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Nitrogen Hotspots in Sierra Nevada Forest Soils D.W. Johnson, W.W. Miller, J.D. Murphy, D.W. Glass, and C.M. Stein University of Nevada, Reno, Nevada USA.

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Presentation on theme: "Nitrogen Hotspots in Sierra Nevada Forest Soils D.W. Johnson, W.W. Miller, J.D. Murphy, D.W. Glass, and C.M. Stein University of Nevada, Reno, Nevada USA."— Presentation transcript:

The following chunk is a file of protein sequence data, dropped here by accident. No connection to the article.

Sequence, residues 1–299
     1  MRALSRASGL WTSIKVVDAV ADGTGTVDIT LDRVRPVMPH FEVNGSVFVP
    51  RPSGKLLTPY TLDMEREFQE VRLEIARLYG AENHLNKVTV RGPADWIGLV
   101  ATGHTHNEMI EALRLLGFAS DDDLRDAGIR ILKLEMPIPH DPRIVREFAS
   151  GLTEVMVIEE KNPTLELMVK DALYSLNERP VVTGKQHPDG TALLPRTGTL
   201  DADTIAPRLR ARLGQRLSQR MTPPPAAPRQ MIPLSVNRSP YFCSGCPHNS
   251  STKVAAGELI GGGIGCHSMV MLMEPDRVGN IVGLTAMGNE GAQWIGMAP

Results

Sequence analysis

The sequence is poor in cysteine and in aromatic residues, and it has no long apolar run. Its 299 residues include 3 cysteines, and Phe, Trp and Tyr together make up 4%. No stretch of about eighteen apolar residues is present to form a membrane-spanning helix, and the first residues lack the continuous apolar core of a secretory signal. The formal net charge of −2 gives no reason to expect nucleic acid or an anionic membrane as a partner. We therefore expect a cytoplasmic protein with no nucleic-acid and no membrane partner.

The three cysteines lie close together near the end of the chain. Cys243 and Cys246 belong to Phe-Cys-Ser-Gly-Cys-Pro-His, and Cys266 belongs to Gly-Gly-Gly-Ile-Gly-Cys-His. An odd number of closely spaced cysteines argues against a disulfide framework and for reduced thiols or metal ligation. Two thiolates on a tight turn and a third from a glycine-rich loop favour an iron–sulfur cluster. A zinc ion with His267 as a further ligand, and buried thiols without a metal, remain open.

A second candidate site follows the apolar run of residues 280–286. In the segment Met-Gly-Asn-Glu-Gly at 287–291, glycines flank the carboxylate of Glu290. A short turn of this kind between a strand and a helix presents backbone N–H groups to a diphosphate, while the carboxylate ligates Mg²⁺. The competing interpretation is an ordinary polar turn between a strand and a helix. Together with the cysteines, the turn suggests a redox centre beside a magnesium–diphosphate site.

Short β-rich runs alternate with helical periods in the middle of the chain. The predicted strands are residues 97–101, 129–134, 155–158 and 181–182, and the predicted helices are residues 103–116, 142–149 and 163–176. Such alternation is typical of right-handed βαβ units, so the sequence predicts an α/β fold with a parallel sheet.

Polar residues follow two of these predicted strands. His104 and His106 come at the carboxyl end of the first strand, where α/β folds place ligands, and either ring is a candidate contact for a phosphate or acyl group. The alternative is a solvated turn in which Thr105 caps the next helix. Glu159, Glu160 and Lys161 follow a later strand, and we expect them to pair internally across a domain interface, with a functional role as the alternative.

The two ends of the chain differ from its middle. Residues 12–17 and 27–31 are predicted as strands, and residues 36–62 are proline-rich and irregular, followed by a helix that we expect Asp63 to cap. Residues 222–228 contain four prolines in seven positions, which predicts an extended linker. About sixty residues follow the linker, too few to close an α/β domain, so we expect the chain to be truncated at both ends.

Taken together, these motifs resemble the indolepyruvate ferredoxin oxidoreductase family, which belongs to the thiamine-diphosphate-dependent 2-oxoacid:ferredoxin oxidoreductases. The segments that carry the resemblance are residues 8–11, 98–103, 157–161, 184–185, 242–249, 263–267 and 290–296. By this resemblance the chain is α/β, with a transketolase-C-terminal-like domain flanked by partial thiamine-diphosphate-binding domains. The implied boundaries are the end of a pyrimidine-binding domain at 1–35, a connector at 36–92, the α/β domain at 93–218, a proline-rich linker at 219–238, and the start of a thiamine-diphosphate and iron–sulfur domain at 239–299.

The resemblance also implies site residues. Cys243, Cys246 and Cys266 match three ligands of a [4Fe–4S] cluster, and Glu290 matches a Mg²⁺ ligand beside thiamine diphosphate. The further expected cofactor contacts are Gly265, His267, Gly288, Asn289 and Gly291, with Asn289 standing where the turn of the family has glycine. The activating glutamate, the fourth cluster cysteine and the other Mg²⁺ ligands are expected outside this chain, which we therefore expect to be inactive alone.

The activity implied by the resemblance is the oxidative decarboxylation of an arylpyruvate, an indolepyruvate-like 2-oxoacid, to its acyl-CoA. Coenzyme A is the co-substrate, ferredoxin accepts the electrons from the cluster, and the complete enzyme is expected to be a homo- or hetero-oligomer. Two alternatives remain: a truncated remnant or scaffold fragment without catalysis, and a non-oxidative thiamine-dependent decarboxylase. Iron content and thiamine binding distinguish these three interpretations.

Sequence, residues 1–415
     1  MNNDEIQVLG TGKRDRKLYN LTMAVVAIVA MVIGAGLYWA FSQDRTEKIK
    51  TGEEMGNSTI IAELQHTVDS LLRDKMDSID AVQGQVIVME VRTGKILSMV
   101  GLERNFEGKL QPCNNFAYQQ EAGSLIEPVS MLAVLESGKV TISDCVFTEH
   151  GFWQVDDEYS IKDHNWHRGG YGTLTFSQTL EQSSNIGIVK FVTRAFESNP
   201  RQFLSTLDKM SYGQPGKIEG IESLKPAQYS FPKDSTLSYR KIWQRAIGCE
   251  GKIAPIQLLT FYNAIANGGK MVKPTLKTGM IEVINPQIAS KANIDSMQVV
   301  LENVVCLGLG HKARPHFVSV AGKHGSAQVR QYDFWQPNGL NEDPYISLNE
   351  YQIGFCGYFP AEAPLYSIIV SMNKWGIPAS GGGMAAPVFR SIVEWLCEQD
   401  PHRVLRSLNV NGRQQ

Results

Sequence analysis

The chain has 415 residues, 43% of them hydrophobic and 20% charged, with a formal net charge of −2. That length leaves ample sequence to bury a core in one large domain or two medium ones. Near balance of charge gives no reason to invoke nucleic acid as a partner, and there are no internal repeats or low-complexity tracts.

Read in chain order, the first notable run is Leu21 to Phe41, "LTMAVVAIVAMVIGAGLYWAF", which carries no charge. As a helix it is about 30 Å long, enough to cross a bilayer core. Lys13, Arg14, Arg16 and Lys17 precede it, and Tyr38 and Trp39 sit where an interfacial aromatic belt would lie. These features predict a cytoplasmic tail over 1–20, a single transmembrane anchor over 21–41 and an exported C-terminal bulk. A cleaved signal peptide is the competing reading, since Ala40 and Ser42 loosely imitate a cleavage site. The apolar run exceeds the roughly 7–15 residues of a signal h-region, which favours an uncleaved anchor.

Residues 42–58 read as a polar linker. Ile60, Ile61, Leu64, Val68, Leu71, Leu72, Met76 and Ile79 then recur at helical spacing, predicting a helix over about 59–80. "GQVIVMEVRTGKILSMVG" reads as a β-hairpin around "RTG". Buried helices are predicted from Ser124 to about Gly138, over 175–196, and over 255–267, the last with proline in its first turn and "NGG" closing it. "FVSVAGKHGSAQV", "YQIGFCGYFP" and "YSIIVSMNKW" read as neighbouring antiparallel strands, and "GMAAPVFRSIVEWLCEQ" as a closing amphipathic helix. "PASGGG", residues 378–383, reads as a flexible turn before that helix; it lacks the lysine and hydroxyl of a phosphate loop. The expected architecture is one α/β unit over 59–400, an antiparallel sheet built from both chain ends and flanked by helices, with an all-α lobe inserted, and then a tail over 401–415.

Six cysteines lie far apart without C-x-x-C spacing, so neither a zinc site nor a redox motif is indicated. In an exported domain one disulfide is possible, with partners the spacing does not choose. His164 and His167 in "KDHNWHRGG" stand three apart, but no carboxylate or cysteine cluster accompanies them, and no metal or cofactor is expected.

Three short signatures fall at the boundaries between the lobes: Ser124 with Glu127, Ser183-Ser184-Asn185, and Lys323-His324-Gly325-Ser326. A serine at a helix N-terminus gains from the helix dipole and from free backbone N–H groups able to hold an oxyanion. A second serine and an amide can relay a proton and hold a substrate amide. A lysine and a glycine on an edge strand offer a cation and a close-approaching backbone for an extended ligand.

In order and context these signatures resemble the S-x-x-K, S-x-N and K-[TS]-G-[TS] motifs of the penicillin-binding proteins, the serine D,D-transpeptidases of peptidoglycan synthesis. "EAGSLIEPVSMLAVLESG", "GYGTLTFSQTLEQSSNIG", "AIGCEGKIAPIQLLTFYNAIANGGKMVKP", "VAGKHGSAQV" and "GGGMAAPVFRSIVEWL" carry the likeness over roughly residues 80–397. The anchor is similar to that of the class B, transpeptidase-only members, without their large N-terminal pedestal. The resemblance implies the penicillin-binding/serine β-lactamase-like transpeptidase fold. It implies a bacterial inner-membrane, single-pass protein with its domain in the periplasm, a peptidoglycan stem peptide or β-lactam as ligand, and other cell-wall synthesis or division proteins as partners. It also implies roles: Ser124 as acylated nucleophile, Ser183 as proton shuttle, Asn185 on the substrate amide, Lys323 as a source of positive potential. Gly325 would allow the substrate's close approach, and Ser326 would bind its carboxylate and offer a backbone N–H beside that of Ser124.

1 Nitrogen Hotspots in Sierra Nevada Forest Soils D.W. Johnson, W.W. Miller, J.D. Murphy, D.W. Glass, and C.M. Stein University of Nevada, Reno, Nevada USA Introduction Non-normal distributions and extreme outliers are often seen as problematic when attempting to assess treatment effects available N in forest soils. Recent papers suggest, however, that variability in available N is an important feature, allowing plant roots to migrate from one “hot spot” to another while they are hot (i.e., during “hot moments”), thereby avoiding direct competition with soil microbes for N (Schimel and Bennett, 2004). In this paper, we explore existing data sets from studies in forest soils of the Sierra Nevada Mountains of Nevada and California for the presence of hot spots. Question 1: Do hot spots exist in Sierran Forest Soils? With no exception, the distribution of NH 4 + and NO 3 - as measured by soil extraction, resin capsules, resin stakes, resin lysimeters, runoff collectors, and tension lysimeters in various study locations show positive skew and the presence of extreme outliers (as defined by 3 x the range from the first to the third quartile). Figures 1 and 2 show examples of typical patterns from the North Lake Tahoe site, and Table 1 provides data on skewness and numbers of extreme outliers for all sites. Question 2: What is the scale of the hotspots? At the North Tahoe site, we sampled soils on two scales: 1) approximately 10 cm diameter samples, taken depth proportionally with trowels with five replicates each in 20 plots (n=100), and 2) approximately 70 cm diameter quantitative pits, one per plot (n=20) where samples were homogenized by horizon. Figures 3 and 4 and Table 1 compare samples taken at these two scales, including a randomly-selected subset of the 10 cm diameter samples, one per plot (n=20). Data from the 70 cm samples show no outliers and less skew than data from the 10 cm samples. Sites Location Vegetation Soils North Tahoe Mixed conifer Andic Haploxeralfs derived from basalt South Tahoe Mixed conifer Typic Cryopsamments derived from granite Truckee Pinus jeffreyiiUltic Haploxeralfs derived from andesite Little Valley Pinus jeffreyiiTypic Xeropsamments Ceanothus velutinus derived from granite Figure 4. Box plots of NH 4 + and NO 3 - in surface soils sampled 10 cm diameter and 70 cm diameter scales from the North Lake Tahoe Site (data from Glass, 2006). Circles represent outliers (1.5 x the range between the first and third quartiles) and starbursts represent extreme outliers (3 x the range between the first and third quartiles) (n= 20 for both data sets) Figure 3. Histograms of NH 4 + and NO 3 - as measured by resin capsules*, resin stakes (PRS probes**), and 1 M KCl extraction in surface soils from the North Lake Tahoe Site (data from Glass, 2006). Values for skewness are shown. Question 3: Do hotspots exist for non-limiting nutrients? At the North Tahoe site, we can compare distributions of NH 4 + and NO 3 - with ortho-P, K, Ca, and Mg as measured in soils and by PRS resin stakes. The order of abundance of these nutrients in the soils is Ca 2+ > Mg 2+ > K + > ortho-P > NH NO 3 -. Ortho-P shows considerably greater skew than K +, Ca 2+, or Mg 2+ in both resin stake and soil data (Figure 5). Ortho-P shows a few extreme outliers in the resin stake data (3) and soil (2) data. K +, Ca 2+, and Mg 2+ show no outliers in the resin stake data. In the soil data, there is one extreme outlier for K +, none for Ca 2+, and one for Mg 2+ (Figure 6). Figure 5. Histograms of ortho-P, K + Ca 2+ and Mg 2+ measured by resin stakes, surface soils sampled 10 cm diameter and 70 cm diameter scales from the North Lake Tahoe Site (data from Glass, 2006). Skewness values are shown Figure 6. Box plots of ortho-P, K + Ca 2+ and Mg 2+ measured by resin stakes, surface soils sampled 10 cm diameter and 70 cm diameter scales from the North Lake Tahoe Site (data from Glass, 2006). Circles represent outliers (1.5 x the range between the first and third quartiles) and starbursts represent extreme outliers (3 x the range between the first and third quartiles) Question 4: What causes hotspots? Miller et al (2005, 2006) have noted the presence of nutrient-laden solutions flowing through the O horizons and on top of mineral soils in all of the sites sampled here. Because of the lack of plant roots in the O and upper A horizons (precluded by severe summer droughts), nutrients mineralized are not immediately taken up and cause the enrichment of O horizon interflow waters in NH 4 +, NO 3 - and ortho-P. We hypothesize that that these O horizon interflow waters cause nutrient hot spots when they enter preferential flowpaths into the mineral soil. We have no direct proof of this as yet (there is a substantial sampling problem, in that sampling such flowpaths will destroy them for further study), but we note that the distribution of NH 4 +, NO 3 - and ortho-P in runoff concentrations and loadings (total amounts per collector) show many extreme outliers and a high degree of skewness (Table 1). Figures 7 and 8 show distributions of NH 4 +, NO 3 - and ortho-P in runoff water concentrations and loading for the North Tahoe site by way of illustration. Figure 7. Box plots of NH 4 +, NO 3 - and ortho-P in O horizon interflow solution concentrations and loading at the North Tahoe Site. Circles represent outliers (1.5 x the range between the first and third quartiles) and starbursts represent extreme outliers (3 x the range between the first and third quartiles) (n= 20 for both data sets) Figure 8. Histograms of NH 4 +, NO 3 - and ortho-P in O horizon interflow solution concentrations and loading at the North Tahoe Site. Summary and Conclusions Measurements of NH 4 + and NO 3 - by various means and at various sites in forest soils of the Sierra Nevada Mountains near Lake Tahoe frequently exhibit extreme outlier values and always show positive skew, suggestive of the presence of hot spots. From the limited data available, it appears that these hot spots are more prevalent on the scale of 1-10 cm rather than 70 cm. Ortho-P measurements show similar distribution patterns indicative of hot spots, but more abundant nutrients such as Ca 2+ show much less evidence. The exact causes of these hotspots is not known, but one hypothesis is that they can occur at points where nutrient-laden O horizon interflow solutions enter the mineral soil in preferential flowpaths. Acknowledgments Research supported by the National Science Foundation, Critical Zone Observatory (CZO) and the Nevada Agricultural Experiment Station, University of Nevada, Reno References Glass, D.W. Factors Affecting Short Term Nitrogen Availability from Vegetation Fire in the Sierra Nevada. MS Thesis, Hydrologic Sciences Program, University of Nevada, Reno, Nevada USA. Miller, W.W., D.W. Johnson, C. Denton, P.S.J. Verburg, G.L. Dana, and R.F. Walker Inconspicuous nutrient laden surface runoff from mature forest Sierran watersheds. Water, Air, and Soil Pollution 163:3-17. Miller, W. W., D.W. Johnson, T.M. Loupe, J.S. Sedinger, E.M. Carroll, J.D. Murphy, R.F. Walker, D.W. Glass Nutrients Flow from Runoff at Burned Forest Site in Lake Tahoe Basin. California Agriculture/University of California, 60: Murphy, J.D., D.W. Johnson, W.W. Miller, R.F. Walker, and R.R. Blank. 2006a. Prescribed fire effects on forest floor and soil nutrients in a Sierra Nevada ecosystem. Soil Science 171: Murphy, J.D., D.W. Johnson, W.W. Miller, R.F. Walker, E.F. Carrol, and R.R. Blank. 2006b. Wildfire effects on soil nutrients and leaching in a Tahoe Basin watershed. Journal of Environmental Quality 35: Schimel, J.P., and J. Bennett Nitrogen mineralization: Challenges of a changing paradigm. Ecology 85: Table 1. Skew and number of extreme outliers for mineral N (NH NO 3 - ) at various site measured by various methods. Figure 2 Histograms of NH 4 + and NO 3 - as measured by resin capsules*, resin stakes (PRS probes**), and 1 M KCl extraction in surface soils from the North Lake Tahoe Site (data from Glass, 2006). Values for skewness are shown. *Unibest resin capsules, Unibest, Inc, Bozeman, Montana USA ** Plant Root Simulator (PRS) Probes, Western Ag Innovations, Saskatoon, SK, Canada